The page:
"I know it's just a dream, but it was so real," Reese insists. "All our people, most of them gone now, they each took a sip, and I saw their faces darken like shades had come down over windows. Their eyes shut. Their heads bowed. And then ... and then ..." He can barely bring himself to say it. "They each ... turned." He fights his tears. "One by one, all them good folks I grew up with ... Wade, Colby, Emma, Brother Joseph, little Mary Jean ... their eyes popped open and they wasn't human no more ... they were walkers. I saw their eyes in the dream ... white, milky, shiny ... like fish eyes. I tried to scream and run but then I saw ... I saw ..."

He abruptly goes silent again. Jeremiah shoots another glance at the mirror. It's too dark in the backseat area to see the expression on the kid's face. Jeremiah glances over his shoulder. "You okay?"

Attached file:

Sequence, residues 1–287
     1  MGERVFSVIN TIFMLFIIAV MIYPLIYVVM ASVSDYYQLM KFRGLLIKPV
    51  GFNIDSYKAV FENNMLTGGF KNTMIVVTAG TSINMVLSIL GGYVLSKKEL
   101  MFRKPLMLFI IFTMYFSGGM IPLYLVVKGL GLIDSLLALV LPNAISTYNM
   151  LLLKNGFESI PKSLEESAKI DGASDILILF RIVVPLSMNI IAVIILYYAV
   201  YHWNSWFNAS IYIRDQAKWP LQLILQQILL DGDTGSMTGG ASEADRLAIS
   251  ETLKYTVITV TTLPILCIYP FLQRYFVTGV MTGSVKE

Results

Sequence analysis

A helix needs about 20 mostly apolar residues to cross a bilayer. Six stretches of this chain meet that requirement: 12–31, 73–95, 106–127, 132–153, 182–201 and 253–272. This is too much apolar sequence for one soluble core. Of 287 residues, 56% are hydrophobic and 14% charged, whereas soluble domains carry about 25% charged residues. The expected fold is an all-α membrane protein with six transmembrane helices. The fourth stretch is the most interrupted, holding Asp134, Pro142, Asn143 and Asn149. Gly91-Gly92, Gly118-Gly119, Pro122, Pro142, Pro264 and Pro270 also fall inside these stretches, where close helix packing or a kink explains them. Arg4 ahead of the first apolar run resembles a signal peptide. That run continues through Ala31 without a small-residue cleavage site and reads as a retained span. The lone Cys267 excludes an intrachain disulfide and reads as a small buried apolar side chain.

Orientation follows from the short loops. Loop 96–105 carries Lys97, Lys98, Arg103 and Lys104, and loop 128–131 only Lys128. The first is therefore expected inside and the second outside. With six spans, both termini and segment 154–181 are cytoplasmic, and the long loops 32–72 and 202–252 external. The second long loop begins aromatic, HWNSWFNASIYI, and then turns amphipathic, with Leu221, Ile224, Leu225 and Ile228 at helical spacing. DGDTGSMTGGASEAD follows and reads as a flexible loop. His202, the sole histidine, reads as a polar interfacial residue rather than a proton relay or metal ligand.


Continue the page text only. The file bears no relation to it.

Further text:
A jittery little nod. "Yessir."

Jeremiah turns back to the road ahead. "Go on. You can tell us what you saw."

"I don't think I want to go there."

Jeremiah sighs. "Son, sometimes the worse things just shrivel up when you talk 'em out."

"I don't think so."

"Stop acting like a baby —"

"Reverend —"

"JUST TELL US WHAT YOU SAW IN THE GODDAMN DREAM!!" Jeremiah flinches at a stabbing pain in his chest touched off by the force of his outburst. He licks his lips and breathes deeply for a moment.

In the back, Reese Lee Hawthorne trembles, wiping his mouth nervously. He exchanges a glance with Stephen, who looks down and says nothing. Reese looks at the back of the preacher's head. "I'm sorry, Rev, I'm sorry." He swallows a gulp of air. "What I saw was, I saw you ... in the dream I saw you."